History | In observance of Juneteenth: ‘Their first political act’

As June 19, 1865, marks the end of enslavement, September 29, 1865, marks the beginning of North Carolina freedmen collectively asserting their rights.  The 1865 North Carolina Freedmen’s Convention is one of the first such conventions in the South. Held over the course of several days, the courage of these freedmen is remarkable in assembling just blocks from the state capitol and then presenting their resolution to the 1865 Constitutional Convention. A journalist who covered the Freedmen’s Convention, Sidney Andrews, describes this resolution as “one of the most remarkable documents that the time has brought forth.” Andrew further states: “This was their first political act; and I do not see how they could have presented their claims with more dignity, with a more just appreciation of the state of affairs, or in a manner which should appeal more forcibly either to the reason or the sentiment of those whom they address.”

The Freedmen’s Convention was held in downtown Raleigh at the St. Paul’s AME Church. This church is the first independent congregation for African Americans in Raleigh and becomes a center for political activity. In 1865, the church is a plain, white wooden building with the most prominent feature being a bust of President Lincoln. In total, 117 delegates attend the convention.  Traveling to the convention is an act of courage itself, both for the risks to the delegate as well as to the family left behind. James Walker Hood, a delegate from New Bern, is elected president. Hood speaks to the convention:

Gentlemen of the Convention, — I hardly know how to express my thanks for the high honor you have conferred upon me; an honor I could scarcely have dreamed of enjoying. There has never been before and there would probably never be again so important an assemblage of the colored people of North Carolina as the present in its influence upon the destinies of the people for all time to come. They had assembled from the hill-side, the mountains, and the valleys to deliberate in a Christian spirit upon the best interests of our people, — holding up before God and men as our motto, ‘Equal rights before the law,’ yet understanding it to be wise and proper that, whether in doors or out of doors, we should bear ourselves respectfully toward all men. Let us avoid all harsh expressions toward anybody or about any line of policy. Let us keep constantly in mind that this State is our home, and that the white people are our neighbors and many of them are our friends. We and the white people have to live here together. Some, people talk of emigration for the black race, some of expatriation, and some of colonization. I regard this as all nonsense. We have been living together for a hundred years or more, and we have got to live together still; and the best way is to harmonize our feelings as much as possible, and to treat all men respectfully. Respectability will always gain respect, not from ruffians, it is true, but from gentlemen; and I am convinced that the major part of the people of North Carolina are gentlemen and ladies. I do not mean one class alone, but the major part of the people, both white and black. That being the case, if we respect ourselves we shall be respected. I think the best way to prepare a people for the exercise of their rights is to put them in practice of those rights, and so I think the time has come when we should be given ours; but I am well aware that we shall not gain them all at once. Let us have faith, and patience, and moderation, yet assert always that we want three things, — first, the right to give evidence in the courts; second, the right to be represented in the jury box; and third, the right to put votes in the ballot box. These rights we want, these rights we contend for, and these rights, under God, we must ultimately have.”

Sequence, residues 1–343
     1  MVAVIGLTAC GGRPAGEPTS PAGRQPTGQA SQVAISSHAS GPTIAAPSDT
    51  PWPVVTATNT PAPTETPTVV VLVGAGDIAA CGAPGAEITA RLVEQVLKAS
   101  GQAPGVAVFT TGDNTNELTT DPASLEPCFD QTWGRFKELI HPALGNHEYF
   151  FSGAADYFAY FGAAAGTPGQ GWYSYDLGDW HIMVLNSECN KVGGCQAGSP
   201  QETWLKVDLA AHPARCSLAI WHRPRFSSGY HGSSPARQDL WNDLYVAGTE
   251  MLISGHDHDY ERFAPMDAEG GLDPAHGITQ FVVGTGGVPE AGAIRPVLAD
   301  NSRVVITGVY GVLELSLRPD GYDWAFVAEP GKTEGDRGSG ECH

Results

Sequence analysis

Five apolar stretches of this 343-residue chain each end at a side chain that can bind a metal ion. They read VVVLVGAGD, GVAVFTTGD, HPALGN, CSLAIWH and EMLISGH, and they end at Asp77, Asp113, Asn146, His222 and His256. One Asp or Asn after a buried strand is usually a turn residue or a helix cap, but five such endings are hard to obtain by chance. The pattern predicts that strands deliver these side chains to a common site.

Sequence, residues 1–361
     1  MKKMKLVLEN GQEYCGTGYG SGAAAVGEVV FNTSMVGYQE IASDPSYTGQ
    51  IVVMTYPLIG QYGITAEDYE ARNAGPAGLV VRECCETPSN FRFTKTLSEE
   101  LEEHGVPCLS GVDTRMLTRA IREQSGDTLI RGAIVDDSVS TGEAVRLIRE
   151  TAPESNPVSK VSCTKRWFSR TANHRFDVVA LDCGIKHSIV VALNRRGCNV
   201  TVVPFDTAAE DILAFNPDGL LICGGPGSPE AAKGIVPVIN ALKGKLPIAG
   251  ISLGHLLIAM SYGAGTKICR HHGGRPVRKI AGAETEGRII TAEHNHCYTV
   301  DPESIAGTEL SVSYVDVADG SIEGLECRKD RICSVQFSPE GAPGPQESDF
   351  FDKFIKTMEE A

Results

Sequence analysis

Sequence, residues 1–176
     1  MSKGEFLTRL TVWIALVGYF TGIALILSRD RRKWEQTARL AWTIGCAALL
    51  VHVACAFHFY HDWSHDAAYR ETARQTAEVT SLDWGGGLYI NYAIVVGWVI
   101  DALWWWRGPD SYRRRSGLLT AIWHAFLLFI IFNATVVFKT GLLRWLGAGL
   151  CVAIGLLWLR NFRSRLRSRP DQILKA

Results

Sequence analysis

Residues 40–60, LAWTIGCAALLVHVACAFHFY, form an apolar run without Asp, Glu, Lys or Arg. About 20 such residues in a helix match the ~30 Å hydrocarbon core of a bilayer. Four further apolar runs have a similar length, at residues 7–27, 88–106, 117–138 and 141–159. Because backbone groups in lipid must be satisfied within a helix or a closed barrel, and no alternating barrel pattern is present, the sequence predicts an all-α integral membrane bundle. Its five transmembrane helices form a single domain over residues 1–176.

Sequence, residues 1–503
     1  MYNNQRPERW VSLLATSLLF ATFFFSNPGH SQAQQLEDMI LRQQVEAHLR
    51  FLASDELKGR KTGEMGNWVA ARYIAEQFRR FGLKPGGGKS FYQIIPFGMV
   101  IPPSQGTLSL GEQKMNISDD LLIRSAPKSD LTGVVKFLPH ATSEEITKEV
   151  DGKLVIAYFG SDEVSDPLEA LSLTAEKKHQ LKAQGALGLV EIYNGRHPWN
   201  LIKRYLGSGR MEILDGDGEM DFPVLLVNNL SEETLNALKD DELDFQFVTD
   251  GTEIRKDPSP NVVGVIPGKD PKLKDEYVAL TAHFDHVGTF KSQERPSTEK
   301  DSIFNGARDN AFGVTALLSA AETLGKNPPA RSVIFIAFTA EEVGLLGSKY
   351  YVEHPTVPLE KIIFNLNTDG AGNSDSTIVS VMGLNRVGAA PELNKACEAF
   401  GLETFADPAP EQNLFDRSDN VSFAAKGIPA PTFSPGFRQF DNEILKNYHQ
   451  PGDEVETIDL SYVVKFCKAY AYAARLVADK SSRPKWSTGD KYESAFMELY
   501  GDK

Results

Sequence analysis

The Convention lasts four days with the most significant resolution being the one presented to the 1865 Constitutional Convention. This first political act leads to another Freedmen’s Convention the following year. And when the Military Reconstruction Act makes possible the election of black delegates to the 1868 Constitutional Convention, many of these new political leaders are influential delegates to the constitutional convention, including James Walker Hood, James Harris, and Abraham Galloway. The North Carolina 1868 Constitution remains the basis for education rights in North Carolina. The full text of the resolution as shared by Sidney Andrews follows – a piece of our history.

The South Since the War


Sidney Andrews was a correspondent for the Boston Advertiser and the Chicago Tribune and traveled in the months of October, September, and November of 1865 to South Carolina, Georgia, and North Carolina to observe these states in the months after the end of the Civil War.

Andrews, S. (1866). The South since the war: As shown by fourteen weeks of travel and observation in Georgia and the Carolinas. Boston: Ticknor and Fields. The quote from Hood is edited to incorporate research by Eric Foner.

Ann McColl is an attorney practicing in the field of education law since 1991. She currently serves as co-founder and president of the Innovation Project.

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